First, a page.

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Original research
Cancer surveillance among workers in plastics and rubber manufacturing in Ontario, Canada
  1. Nathan L DeBono1,2,
  2. Chlöe Logar-Henderson2,
  3. Hunter Warden2,3,
  4. Sharara Shakik2,
  5. Mamadou Dakouo2,
  6. Jill MacLeod2,
  7. Paul A Demers1,2
  1. 1 Dalla Lana School of Public Health, University of Toronto, Toronto, Ontario, Canada
  2. 2 Occupational Cancer Research Centre, Ontario Health, Toronto, Ontario, Canada
  3. 3 Faculty of Medicine, University of Toronto, Toronto, Ontario, Canada
  1. Correspondence to Dr Nathan L DeBono, University of Toronto, Toronto, ON, M5T 3M7, Canada; nathan.debono{at}utoronto.ca

Abstract

Objective Occupational exposure to agents in plastics and rubber manufacturing has been associated with elevated risk of certain cancers. We sought to evaluate cancer risk among workers employed in occupations and industries with these exposures as part of an ongoing surveillance programme in Ontario, Canada.

Methods The Occupational Disease Surveillance System (ODSS) cohort was established using workers’ compensation claims data and includes 2.18 million workers employed from 1983 to 2014. Workers were followed for site-specific cancer diagnoses in the Ontario Cancer Registry through 2016. Cox proportional hazard models were used to estimate adjusted HR and 95% CI.

Results We identified 81 127 workers employed in plastics and rubber manufacturing industries or materials processing and product fabricating occupations. Compared with all other women in the ODSS, those in materials processing occupations had an elevated rate of lung cancer (HR 1.38, 95% CI 1.20 to 1.58) that was not observed among men. An elevated rate of breast cancer was observed among female labourers (HR 1.36, 95% CI 1.01 to 1.82) and moulders (HR 1.47, 95% CI 0.91 to 2.37) in plastics and rubber product fabricating occupations. Overall, elevated rates were observed for oesophageal, liver, stomach, prostate and kidney cancer in job-specific subgroups, including mixing and blending, bonding and cementing, and labouring. There was little evidence of association for lymphatic or haematopoietic cancers.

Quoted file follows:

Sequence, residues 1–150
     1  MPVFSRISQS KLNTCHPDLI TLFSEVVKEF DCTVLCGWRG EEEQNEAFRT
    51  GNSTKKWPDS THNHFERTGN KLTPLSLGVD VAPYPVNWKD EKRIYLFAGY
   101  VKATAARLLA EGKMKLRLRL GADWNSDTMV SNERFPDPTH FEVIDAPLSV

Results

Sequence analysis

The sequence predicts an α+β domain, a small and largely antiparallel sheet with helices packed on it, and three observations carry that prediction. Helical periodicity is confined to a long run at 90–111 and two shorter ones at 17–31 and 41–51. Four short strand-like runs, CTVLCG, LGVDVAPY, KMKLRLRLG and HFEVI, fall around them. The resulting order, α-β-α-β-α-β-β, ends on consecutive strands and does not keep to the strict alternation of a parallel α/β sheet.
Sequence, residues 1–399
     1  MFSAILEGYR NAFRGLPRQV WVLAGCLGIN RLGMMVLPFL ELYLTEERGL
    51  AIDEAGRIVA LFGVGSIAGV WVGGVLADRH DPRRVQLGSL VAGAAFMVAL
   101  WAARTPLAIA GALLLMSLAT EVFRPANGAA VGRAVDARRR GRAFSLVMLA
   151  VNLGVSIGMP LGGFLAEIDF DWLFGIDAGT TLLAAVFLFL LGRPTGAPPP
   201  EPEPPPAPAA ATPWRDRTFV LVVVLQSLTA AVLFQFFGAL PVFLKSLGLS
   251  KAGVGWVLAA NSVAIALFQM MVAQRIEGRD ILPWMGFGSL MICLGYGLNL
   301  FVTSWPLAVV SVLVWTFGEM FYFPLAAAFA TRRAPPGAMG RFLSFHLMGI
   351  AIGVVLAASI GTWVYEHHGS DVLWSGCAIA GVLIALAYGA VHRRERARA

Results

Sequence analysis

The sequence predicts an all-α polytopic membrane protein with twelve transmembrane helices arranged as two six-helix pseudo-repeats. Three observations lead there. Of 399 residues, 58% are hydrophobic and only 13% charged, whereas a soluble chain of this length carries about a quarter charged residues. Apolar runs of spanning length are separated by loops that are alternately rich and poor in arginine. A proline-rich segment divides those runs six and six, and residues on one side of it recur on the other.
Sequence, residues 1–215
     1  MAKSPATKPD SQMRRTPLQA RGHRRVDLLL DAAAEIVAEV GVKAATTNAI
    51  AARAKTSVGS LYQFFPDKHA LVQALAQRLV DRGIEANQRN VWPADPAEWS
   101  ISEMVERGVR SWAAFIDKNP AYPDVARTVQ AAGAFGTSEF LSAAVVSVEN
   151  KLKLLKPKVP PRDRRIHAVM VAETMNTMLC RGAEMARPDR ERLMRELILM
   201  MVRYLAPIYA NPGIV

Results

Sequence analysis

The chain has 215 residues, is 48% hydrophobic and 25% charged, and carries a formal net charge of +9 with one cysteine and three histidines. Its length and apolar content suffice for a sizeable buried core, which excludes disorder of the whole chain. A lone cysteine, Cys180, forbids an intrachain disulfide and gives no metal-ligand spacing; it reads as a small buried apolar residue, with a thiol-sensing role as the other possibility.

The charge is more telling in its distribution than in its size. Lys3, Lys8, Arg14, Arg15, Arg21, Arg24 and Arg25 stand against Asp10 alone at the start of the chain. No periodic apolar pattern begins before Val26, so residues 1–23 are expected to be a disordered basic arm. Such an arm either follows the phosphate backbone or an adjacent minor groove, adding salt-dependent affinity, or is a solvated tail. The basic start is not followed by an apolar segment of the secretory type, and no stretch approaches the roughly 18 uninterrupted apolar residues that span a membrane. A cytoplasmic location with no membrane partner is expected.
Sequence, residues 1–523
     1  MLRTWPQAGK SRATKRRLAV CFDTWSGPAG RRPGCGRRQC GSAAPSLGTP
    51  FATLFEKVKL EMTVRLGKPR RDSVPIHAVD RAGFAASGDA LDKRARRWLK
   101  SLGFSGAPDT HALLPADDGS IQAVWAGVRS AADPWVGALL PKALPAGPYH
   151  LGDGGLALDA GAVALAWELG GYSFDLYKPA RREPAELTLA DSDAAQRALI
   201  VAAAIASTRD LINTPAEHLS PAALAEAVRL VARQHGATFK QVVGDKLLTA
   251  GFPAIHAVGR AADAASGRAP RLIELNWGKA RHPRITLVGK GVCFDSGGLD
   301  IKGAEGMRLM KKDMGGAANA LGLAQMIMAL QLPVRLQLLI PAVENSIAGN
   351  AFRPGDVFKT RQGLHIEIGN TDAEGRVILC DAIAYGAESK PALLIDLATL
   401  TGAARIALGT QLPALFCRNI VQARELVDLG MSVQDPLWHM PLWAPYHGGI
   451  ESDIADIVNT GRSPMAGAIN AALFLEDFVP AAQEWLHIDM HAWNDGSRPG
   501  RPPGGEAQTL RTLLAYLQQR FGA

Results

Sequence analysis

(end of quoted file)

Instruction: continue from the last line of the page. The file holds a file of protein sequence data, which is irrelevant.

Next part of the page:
Conclusions Findings for lung and breast cancer in women are consistent with other studies and warrant further attention in Ontario. Given the relatively young age at end of follow-up, surveillance in these workers should continue as the cohort ages.

  • epidemiology
  • rubber
  • cancer
  • health surveillance

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Footnotes

  • Contributors NLD conceived of the work, conducted all analyses and authored the manuscript. CL-H, HW, SFS, MD and JM conducted data preparation, assisted in the analyses and provided critical review of the manuscript. PAD provided direction on the study design, assisted the interpretation of results, and provided critical review of the manuscript.

  • Funding This work was supported by the Ontario Ministry of Labour, Training and Skills Development (14-R-029) and the Public Health Agency of Canada (1516-HQ-000066). The Occupational Cancer Research Centre is supported by the Ontario Ministry of Labour, Training and Skills Development, the Canadian Cancer Society, and the Ontario Health agency.

  • Competing interests None declared.

  • Patient consent for publication Not required.

  • Provenance and peer review Not commissioned; externally peer reviewed.

  • Data availability statement Data are available upon reasonable request.

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